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Forum topic by Stanley Coker posted 01-24-2014 10:27 PM 762 views 0 times favorited 6 replies Add to Favorites Watch
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Stanley Coker

224 posts in 2618 days

01-24-2014 10:27 PM

Topic tags/keywords: question

Finally decided to take a try at turning. I got a lathe from one of my brothers that he got when he bought a shop full of stuff. He said that he was going to give it away or something, so I got it and going to try to get it useable. I was looking for some good books to get me started. Any suggestions would be greatly appreciated.

-- Stanley, North Georgia

6 replies so far

View TheDane's profile


4939 posts in 3086 days

#1 posted 01-24-2014 10:46 PM

Ernie Conover’s book is worthwhile … and you can get it for free!


-- Gerry -- "I don't plan to ever really grow up ... I'm just going to learn how to act in public!"

View Guy Belleman's profile

Guy Belleman

18 posts in 1041 days

#2 posted 01-24-2014 11:55 PM

Books and videos are great, but it is best to get some hands-on instruction and guidance first. Developing some good techniques and habits from the start will go a long ways to making turning fun.

I see that the Woodcraft in Atlanta is having turning this classes this weekend and next weekend. Get on over there and glean some good techniques from the classes. Usually the class attendees get a discount on purchases during the day of classes, so that could defray some of the class fee.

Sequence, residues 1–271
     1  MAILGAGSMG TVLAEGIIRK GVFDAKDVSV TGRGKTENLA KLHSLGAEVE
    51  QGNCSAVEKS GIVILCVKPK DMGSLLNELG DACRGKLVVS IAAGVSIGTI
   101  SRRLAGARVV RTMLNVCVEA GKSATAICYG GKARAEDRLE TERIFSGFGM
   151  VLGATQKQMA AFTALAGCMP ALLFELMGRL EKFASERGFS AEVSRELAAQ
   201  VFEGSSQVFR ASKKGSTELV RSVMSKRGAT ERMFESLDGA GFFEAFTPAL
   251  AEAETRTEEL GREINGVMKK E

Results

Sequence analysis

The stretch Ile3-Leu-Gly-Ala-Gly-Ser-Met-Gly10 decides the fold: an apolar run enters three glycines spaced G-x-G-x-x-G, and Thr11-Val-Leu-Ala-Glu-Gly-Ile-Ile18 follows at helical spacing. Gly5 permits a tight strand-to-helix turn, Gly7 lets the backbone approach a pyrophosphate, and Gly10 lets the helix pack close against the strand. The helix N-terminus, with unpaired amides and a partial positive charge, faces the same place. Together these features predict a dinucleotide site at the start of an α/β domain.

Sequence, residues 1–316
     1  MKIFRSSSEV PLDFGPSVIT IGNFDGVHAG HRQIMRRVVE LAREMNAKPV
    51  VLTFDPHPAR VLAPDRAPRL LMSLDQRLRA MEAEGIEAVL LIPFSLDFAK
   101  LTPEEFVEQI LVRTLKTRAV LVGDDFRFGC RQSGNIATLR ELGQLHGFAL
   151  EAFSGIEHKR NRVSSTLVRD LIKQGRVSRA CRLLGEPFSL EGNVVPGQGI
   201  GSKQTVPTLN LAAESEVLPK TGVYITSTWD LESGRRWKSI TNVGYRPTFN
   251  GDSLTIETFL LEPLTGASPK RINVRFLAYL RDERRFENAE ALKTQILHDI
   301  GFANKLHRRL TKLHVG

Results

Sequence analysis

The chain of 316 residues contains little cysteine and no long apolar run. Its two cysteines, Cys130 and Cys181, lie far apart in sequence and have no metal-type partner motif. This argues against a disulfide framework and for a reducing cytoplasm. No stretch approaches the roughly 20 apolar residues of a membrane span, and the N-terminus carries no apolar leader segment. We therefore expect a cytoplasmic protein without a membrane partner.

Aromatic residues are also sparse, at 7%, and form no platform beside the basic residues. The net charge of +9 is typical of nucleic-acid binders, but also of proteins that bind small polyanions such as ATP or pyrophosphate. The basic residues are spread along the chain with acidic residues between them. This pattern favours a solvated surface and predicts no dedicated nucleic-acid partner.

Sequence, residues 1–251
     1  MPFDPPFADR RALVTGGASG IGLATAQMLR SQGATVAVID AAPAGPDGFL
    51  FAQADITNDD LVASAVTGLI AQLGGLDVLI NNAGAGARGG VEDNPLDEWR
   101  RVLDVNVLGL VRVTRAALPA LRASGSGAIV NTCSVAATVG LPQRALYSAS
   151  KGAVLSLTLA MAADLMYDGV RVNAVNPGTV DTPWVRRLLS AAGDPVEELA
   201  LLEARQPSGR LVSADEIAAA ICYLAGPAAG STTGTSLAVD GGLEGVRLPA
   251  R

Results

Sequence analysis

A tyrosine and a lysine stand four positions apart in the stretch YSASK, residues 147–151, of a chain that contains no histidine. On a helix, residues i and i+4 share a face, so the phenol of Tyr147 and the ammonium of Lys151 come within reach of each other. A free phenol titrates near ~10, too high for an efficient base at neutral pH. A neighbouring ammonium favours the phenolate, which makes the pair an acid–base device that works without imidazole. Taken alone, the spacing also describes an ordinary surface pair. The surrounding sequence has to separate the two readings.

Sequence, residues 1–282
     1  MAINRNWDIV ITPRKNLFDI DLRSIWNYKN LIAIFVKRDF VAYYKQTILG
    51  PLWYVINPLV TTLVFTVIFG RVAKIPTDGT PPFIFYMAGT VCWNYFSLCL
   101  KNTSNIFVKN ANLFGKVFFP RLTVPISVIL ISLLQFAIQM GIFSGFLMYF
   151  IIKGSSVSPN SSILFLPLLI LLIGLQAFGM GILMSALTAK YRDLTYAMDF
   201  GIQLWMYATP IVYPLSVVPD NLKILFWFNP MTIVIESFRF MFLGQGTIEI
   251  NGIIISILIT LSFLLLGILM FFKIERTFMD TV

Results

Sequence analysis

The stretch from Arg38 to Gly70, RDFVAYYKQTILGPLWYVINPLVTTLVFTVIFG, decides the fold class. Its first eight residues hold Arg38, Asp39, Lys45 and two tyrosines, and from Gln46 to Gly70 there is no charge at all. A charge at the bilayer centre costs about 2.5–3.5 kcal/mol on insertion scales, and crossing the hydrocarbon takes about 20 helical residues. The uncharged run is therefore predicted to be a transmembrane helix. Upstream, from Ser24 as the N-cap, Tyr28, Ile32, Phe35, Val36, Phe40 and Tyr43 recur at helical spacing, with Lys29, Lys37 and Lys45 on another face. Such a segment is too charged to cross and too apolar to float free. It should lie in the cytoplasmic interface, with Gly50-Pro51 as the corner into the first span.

There are several woodturner organizations in your area as well. Here are some:

View jeff's profile


976 posts in 2888 days

#3 posted 01-25-2014 02:55 AM

Yes books and videos are great…Good advice to attend your local woodturners club…Remember when you get a lathe you will need accessories like tools/something to sharpen them also-its never ending…What kind of lathe did you receive?...

-- Jeff,Tucson,Az.

View Split's profile


33 posts in 1162 days

#4 posted 01-25-2014 11:09 AM

Seems generic I know but youtube has many many good videos and I would suggest learning how each tool works on scrap before jumping into a project. Turn slow to get the hang of it and have fun. Soft wood is good for learning and confidence. Just keep in mind lathe tools dull pretty fast so keeping them sharp is the biggest battle.

View Stanley Coker's profile

Stanley Coker

224 posts in 2618 days

#5 posted 01-25-2014 12:39 PM

My brother also gave a big box full of tools. I have a Worksharp 3000 to keep them sharp. The maintance guys at the plant where I work are making me a stand for the lathe. I will have to get a chuck to do bowls. Looking forward in trying, if it does not work out, at least I will have very little invested.
Thanks everyone for the information.


-- Stanley, North Georgia

View mpax356's profile


66 posts in 1915 days

#6 posted 01-25-2014 06:33 PM

Not sure where you live, but the Chattahoochee Woodturners meets in Gainesville, GA. We have hands on turning once a month. More info by checking our website.

A good book is Keith Rowleys’s book Woodturning: A Foundation Course.
Another favorite of mine is Richard Raffan’s Illustrated Guide to Woodturning. It is in hardback.

Often overlooked is see what is available at your local library to get started.

Some good Youtube stuff out their. This has gotten some good comments.

-- MPax, Atlanta

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